Partnership working on beavers

A few months on from the publication of the 2019 beaver licencing statistics, we take a closer look at the ongoing work with partners to reduce levels of beaver control measures in future.

©Lorne Gill

©Lorne Gill

Scottish Natural Heritage (SNH) has supported efforts to bring beavers back to Scotland for many years, and beavers became a protected species here in May 2019. Beavers are ecosystem engineers and provide huge benefits to people and nature, improving water quality and flow, and creating new habitats that foster many other species. However their burrowing and dam building activities can also occasionally cause significant problems, especially on farmland.

This is particularly the case in parts of Tayside which has some of the most productive farmland in Scotland and can be very susceptible to flooding. The beavers in Tayside and surrounding areas are the result of unauthorised releases or escapes, with many animals settling on Prime Agricultural Land where they have had serious impacts.

In such circumstances it may be necessary to manage beavers and their dams under special licences issued by SNH. We reported in May that in the first year we issued 45 species licences which permitted either lethal control or dam removal. These were granted when there was no other effective solution to prevent serious agricultural damage. Under these licences, 15 beavers were trapped and moved to either Knapdale or trial reintroduction projects in England, 83 beaver dams were removed and 87 beavers were shot by trained and accredited controllers.

©Lorne Gill SNH 2020VISION

©Lorne Gill/SNH/2020VISION

While it has always been clear to both SNH and our partners that lethal control of beavers would sometimes be necessary as a last resort, we recognise the upset that these cull figures caused and are working hard behind the scenes to look at how we can reduce the level of lethal control measures going forward.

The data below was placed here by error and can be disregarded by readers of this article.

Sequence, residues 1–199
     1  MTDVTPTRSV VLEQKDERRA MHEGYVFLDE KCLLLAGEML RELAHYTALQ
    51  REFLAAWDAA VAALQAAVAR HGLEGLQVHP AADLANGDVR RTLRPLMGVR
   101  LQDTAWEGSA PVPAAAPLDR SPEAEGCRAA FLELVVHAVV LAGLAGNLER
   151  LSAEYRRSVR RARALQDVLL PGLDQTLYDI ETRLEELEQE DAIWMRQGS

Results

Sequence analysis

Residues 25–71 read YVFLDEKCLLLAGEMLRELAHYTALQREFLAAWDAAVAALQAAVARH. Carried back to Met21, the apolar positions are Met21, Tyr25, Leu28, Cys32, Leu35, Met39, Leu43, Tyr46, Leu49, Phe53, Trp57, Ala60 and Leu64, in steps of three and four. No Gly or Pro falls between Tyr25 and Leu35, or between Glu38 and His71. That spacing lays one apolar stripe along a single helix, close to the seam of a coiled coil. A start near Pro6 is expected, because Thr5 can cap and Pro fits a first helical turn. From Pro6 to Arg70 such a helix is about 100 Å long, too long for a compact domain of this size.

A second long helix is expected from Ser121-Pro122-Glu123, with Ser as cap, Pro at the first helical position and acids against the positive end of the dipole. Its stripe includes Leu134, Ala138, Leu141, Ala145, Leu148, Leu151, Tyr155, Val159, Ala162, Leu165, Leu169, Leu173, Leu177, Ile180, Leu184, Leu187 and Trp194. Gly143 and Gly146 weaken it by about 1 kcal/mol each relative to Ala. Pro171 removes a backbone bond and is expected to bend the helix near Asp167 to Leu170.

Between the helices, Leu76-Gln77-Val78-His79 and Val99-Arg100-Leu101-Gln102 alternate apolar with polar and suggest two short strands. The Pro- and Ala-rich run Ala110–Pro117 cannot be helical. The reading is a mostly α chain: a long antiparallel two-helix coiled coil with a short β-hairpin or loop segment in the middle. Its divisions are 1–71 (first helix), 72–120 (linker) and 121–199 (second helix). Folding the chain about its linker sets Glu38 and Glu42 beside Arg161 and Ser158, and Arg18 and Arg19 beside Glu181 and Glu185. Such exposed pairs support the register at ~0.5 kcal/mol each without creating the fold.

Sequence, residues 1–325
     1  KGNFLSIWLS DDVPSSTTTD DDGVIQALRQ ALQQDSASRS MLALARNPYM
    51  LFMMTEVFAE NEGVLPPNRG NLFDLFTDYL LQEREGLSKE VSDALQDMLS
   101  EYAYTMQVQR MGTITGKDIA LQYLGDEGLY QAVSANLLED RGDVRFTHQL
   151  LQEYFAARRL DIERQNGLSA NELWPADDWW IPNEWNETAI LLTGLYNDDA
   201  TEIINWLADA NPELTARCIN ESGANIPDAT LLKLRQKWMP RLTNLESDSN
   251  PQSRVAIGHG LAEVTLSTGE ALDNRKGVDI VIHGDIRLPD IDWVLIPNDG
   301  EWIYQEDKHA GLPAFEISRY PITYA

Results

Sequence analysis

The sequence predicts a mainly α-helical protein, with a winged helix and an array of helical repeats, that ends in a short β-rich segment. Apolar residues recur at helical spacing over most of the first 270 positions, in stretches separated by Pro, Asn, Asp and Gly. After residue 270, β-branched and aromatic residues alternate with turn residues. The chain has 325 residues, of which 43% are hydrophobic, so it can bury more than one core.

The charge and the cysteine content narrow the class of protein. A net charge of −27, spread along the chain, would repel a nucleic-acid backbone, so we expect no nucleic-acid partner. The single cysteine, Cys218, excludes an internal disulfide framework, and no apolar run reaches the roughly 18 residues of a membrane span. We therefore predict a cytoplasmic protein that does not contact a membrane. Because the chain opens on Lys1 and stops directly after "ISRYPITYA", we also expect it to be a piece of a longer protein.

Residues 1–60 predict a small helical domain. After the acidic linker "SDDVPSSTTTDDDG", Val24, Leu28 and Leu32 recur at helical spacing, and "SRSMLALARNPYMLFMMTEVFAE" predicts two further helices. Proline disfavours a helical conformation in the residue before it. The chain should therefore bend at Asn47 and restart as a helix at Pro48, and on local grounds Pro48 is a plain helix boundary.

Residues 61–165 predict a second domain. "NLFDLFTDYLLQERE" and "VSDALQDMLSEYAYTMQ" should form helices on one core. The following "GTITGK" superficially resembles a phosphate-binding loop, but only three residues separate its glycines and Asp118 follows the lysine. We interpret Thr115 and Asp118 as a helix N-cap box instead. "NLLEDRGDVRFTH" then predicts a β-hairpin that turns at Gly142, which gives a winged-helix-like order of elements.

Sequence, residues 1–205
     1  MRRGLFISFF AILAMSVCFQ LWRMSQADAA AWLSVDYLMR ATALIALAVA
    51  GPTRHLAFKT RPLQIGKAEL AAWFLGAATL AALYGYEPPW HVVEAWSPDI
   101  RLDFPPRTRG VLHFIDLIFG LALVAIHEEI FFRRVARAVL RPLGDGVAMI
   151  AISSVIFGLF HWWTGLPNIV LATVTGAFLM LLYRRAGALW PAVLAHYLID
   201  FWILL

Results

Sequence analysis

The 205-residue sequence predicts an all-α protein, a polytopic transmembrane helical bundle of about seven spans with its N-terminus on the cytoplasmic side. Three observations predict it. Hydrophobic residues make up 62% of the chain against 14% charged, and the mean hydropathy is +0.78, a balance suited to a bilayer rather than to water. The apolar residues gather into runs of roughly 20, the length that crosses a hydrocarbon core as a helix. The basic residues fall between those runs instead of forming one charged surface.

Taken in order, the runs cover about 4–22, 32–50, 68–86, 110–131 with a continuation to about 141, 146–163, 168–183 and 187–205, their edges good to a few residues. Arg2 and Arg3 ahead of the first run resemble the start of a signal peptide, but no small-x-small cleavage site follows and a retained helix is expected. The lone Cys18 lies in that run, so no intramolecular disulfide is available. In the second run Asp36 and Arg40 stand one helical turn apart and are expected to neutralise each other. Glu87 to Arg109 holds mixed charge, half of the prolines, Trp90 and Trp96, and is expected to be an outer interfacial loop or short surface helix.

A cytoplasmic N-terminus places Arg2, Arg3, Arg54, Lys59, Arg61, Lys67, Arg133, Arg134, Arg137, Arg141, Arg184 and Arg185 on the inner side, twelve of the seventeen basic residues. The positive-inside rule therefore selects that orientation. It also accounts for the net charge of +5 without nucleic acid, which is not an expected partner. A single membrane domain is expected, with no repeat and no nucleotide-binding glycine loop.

Co-operation is key and our beaver work is informed by the Scottish Beaver Forum, a group of partners representing conservation, farming, fisheries, and other interests, and chaired by SNH. We were pleased to bring together the forum by video conference recently for a productive discussion on a range of different alternative measures to lethal control.

This includes working with land managers to increase the live trapping of beavers for relocation to conservation projects in England, where demand remains high. Beavers are also expanding their range naturally in Scotland, and we will be considering opportunities to translocate animals from areas of high to low conflict within existing catchments, in line with the Scottish Code for Conservation Translocations.

©Lorne Gill SNH 2020VISION 2

©Lorne Gill/SNH/2020VISION

A repeat survey of the Tay and Forth catchments will take place this year to give the most up to date information on the beaver population and range to help inform these conversations. This will include modelling of beaver habitat suitability and dam capacity which could help identify which areas are most or least suitable for translocations.

We are also continuing work on mitigation measures as an alternative to culling. In the first year our Beaver Mitigation Scheme provided advice and support for more than 40 cases, including installing flow devices, trialling water-gates, tree protection work, exclusion fencing and bank protection to protect agricultural land, infrastructure and property. Demand for advice remains high with good engagement and mitigation proving to be successful, in many cases with ongoing dialogue.

We look forward to continuing to work with forum partners to progress this work over the coming months, with the aim of reducing the level of licenced culls in 2020. Meanwhile we also expect to see the beaver population expanding away from high conflict areas and into suitable habitat where beavers can thrive and bring the positive benefits we want to see.

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